You’ve read the light overview of Pirate Jam and are excited to join in the fun. Before signing up take a moment to read a more detailed description of what to expect from 10 days of life aboard a sailboat.
Where are we going?
We’ll be sailing around Phang Nga Bay and the Andaman Sea, between the east coast of Phuket and west coast of Krabi, Thailand. This is a roughly 400km/sq area, much of which is protected as the Ao Phang Nga National Park. The area is filled with uninhabited islands, limestone cliffs, mysterious caves, and archaeological sites. The water here is often very shallow, meaning we can drop anchor just about anywhere while we’re sailing – even in the middle of the bay! 10,000 years ago, when sea levels were lower, one could walk from Phuket to Krabi across the bay.
There are 88 species of birds, 82 species of fish, and all kinds of other creepy-crawlies to be found here… including the black finless porpoise. (Not to be confused with a black purposeless Fin). For bird watchers a guide to local birds has been installed on the boat and binoculars are also on hand. For those that love aquatic life there are fish identification guides in both book and dive card format.
You will be sailing and living aboard a Tosca 36′ sailboat built in Cape Town, South Africa, circa 1986. This particular boat (“Chaos” nee “Synchronicity”), has sailed around much of the Indian Ocean from Africa to Australia, New Zealand, the Philippines, Indonesia, and other parts of SE Asia, including Thailand, where she’s now registered and maintained in good condition. Boats built in South Africa call “The Cape of Storms” their home, so they tend to be extremely sturdy, heavy, and sea-worthy – Chaos is no exception. (There are other boats in the Pirate Jam fleet and final accommodations will be decided upon arrival).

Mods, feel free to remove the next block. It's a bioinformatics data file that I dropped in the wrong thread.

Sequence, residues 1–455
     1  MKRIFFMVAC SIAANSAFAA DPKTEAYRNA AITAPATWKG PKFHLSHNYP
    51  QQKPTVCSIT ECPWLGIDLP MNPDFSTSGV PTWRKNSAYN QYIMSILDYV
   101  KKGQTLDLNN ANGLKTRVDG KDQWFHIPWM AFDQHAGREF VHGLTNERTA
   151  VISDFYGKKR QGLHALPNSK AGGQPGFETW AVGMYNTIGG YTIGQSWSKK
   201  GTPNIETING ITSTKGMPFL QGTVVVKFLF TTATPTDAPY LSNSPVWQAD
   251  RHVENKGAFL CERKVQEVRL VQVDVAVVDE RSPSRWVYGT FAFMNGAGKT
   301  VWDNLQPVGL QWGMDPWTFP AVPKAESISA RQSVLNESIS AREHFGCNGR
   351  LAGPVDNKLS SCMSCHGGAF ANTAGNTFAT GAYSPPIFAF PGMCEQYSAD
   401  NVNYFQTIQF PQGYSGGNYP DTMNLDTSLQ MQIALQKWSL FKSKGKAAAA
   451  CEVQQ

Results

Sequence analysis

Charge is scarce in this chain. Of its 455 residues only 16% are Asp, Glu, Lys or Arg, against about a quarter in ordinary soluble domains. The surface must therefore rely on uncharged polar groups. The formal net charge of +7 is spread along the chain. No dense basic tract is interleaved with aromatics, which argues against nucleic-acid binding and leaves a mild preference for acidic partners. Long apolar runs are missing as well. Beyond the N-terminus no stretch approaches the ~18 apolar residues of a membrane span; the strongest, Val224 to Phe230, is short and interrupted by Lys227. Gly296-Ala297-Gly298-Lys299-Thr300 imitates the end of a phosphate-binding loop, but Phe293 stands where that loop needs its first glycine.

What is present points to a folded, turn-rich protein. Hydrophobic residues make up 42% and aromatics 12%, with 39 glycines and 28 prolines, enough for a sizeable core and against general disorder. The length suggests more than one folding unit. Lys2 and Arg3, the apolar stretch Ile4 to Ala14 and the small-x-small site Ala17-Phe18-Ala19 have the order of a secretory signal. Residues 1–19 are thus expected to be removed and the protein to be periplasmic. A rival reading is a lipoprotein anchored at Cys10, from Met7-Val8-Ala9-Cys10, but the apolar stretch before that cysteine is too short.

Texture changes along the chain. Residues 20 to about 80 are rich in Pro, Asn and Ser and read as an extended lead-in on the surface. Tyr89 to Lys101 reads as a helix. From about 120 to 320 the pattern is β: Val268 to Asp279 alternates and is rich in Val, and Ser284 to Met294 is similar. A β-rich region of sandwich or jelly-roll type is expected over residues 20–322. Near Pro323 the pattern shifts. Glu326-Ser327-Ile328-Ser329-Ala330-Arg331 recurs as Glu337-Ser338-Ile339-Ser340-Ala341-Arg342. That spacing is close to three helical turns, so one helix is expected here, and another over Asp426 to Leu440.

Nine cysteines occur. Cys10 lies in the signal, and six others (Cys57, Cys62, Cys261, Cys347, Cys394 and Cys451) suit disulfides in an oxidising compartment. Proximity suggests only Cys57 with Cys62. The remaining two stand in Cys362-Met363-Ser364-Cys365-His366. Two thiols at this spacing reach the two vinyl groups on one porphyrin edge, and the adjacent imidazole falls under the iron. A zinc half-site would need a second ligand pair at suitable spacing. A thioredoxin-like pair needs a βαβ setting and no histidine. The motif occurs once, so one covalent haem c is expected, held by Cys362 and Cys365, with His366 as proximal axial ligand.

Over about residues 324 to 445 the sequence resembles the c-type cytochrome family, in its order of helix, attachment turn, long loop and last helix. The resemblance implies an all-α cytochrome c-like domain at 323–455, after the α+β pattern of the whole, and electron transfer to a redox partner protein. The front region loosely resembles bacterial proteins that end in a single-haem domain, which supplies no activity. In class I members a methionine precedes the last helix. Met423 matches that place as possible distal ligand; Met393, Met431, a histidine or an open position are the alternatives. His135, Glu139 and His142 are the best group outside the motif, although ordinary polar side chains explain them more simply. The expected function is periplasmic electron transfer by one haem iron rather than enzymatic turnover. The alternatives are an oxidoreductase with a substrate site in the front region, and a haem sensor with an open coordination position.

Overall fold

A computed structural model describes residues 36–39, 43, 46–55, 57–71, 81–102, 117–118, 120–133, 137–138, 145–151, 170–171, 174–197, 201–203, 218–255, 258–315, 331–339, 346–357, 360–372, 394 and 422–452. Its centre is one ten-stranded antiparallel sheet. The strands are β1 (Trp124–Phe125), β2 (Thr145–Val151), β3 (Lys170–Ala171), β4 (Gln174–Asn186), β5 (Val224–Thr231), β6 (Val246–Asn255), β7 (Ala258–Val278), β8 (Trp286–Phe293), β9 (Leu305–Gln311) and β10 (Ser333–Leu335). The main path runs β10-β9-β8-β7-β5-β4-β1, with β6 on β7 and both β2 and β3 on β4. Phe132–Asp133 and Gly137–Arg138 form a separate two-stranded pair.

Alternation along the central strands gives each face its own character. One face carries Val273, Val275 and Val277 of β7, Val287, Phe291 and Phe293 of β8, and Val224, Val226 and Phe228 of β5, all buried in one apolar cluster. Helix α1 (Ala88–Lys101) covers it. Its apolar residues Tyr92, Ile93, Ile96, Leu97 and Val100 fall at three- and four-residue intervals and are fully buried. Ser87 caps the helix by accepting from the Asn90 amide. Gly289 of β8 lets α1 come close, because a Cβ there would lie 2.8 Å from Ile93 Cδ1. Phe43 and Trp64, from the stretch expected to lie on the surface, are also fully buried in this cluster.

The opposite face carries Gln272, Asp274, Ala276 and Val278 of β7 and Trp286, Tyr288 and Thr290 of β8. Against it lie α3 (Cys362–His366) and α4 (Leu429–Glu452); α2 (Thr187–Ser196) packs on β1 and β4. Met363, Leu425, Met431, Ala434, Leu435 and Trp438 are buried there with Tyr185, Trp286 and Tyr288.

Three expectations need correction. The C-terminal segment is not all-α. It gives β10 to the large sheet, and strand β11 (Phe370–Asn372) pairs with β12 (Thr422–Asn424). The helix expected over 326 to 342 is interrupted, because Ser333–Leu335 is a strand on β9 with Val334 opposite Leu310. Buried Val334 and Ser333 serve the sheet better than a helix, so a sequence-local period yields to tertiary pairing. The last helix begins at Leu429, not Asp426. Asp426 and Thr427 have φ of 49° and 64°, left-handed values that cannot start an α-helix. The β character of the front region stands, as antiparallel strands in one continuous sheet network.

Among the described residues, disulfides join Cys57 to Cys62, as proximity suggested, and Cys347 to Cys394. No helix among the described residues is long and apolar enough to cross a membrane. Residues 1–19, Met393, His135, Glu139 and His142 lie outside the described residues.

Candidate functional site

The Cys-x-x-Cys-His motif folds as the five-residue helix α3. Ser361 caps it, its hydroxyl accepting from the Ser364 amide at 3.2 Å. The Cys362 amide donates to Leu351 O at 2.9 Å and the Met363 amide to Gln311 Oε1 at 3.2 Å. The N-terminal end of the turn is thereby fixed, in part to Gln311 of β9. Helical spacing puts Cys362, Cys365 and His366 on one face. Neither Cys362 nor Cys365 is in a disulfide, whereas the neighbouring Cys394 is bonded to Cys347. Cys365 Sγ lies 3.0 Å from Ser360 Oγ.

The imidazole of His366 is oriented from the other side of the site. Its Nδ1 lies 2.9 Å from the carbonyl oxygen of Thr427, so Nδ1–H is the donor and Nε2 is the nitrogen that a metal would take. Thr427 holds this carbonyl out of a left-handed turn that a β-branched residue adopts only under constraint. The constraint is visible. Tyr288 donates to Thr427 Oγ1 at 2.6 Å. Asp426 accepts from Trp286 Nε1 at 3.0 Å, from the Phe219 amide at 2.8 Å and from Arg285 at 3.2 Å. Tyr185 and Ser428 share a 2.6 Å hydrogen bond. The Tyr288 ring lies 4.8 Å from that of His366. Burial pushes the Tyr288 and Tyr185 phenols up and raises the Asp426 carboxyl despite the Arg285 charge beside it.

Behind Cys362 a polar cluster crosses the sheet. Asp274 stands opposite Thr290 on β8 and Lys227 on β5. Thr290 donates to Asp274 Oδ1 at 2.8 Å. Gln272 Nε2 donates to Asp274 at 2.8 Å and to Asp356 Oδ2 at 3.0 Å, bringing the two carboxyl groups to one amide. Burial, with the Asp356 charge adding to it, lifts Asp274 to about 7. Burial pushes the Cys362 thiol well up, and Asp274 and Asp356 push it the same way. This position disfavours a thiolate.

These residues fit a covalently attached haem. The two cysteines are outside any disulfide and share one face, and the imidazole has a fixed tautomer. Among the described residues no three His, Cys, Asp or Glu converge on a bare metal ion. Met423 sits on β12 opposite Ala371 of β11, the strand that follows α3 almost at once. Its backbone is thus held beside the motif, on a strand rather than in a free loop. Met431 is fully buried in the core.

During the jam we’ll make several stops to enjoy cave exploring, swimming, snorkeling, diving, spear fishing, BBQ’ing, and other activities. Wherever we go, we’ll also have a small gas-powered dinghy to use for local exploration, heading to shore, and water sport adventures.
Weather in the region means sailing is possible year-round without threat of hurricanes or cyclones. Thunderstorms and squalls can bring heavy rain and gusty winds for brief periods of time, punctuating long periods of tranquil conditions. Due to the shallow nature of the bay and “sticky” bottom (made up of sand/mud) we’ll always be able to find a safe and secure anchorage, regardless of weather conditions.
Wind (or lack thereof) and temperature are important concerns while exploring Phang Nga Bay. An early departure (around 7AM) is advisable on days we’re traveling from one anchorage to another. There’s generally more wind and cooler temperatures in the mornings. Later in the day, it’s better to hide from the heat; either on-shore or in some secluded anchorage.
For these reasons, the development portion of Pirate Jam will take place on-shore, starting around lunch time. Mornings will be reserved for sailing and other activities. After each 5-hour development period we’ll be free to engage in other pirate games.
Because strong winds are rare in the region, we may spend a significant amount of time motoring as opposed to using the sails. If it makes you feel more romantic we can still raise the sails, even when there’s no wind.
Weather is hard to predict… but it’s generally “very hot” in the daytime (30~35c – 86f~95f) and cooler at night (25c – 77f). Because it is so hot during the day, as soon as the sun goes down it immediately feels very comfortable outside. The cockpit area of the boat is protected from the sun by a large canopy (called a “bimini”).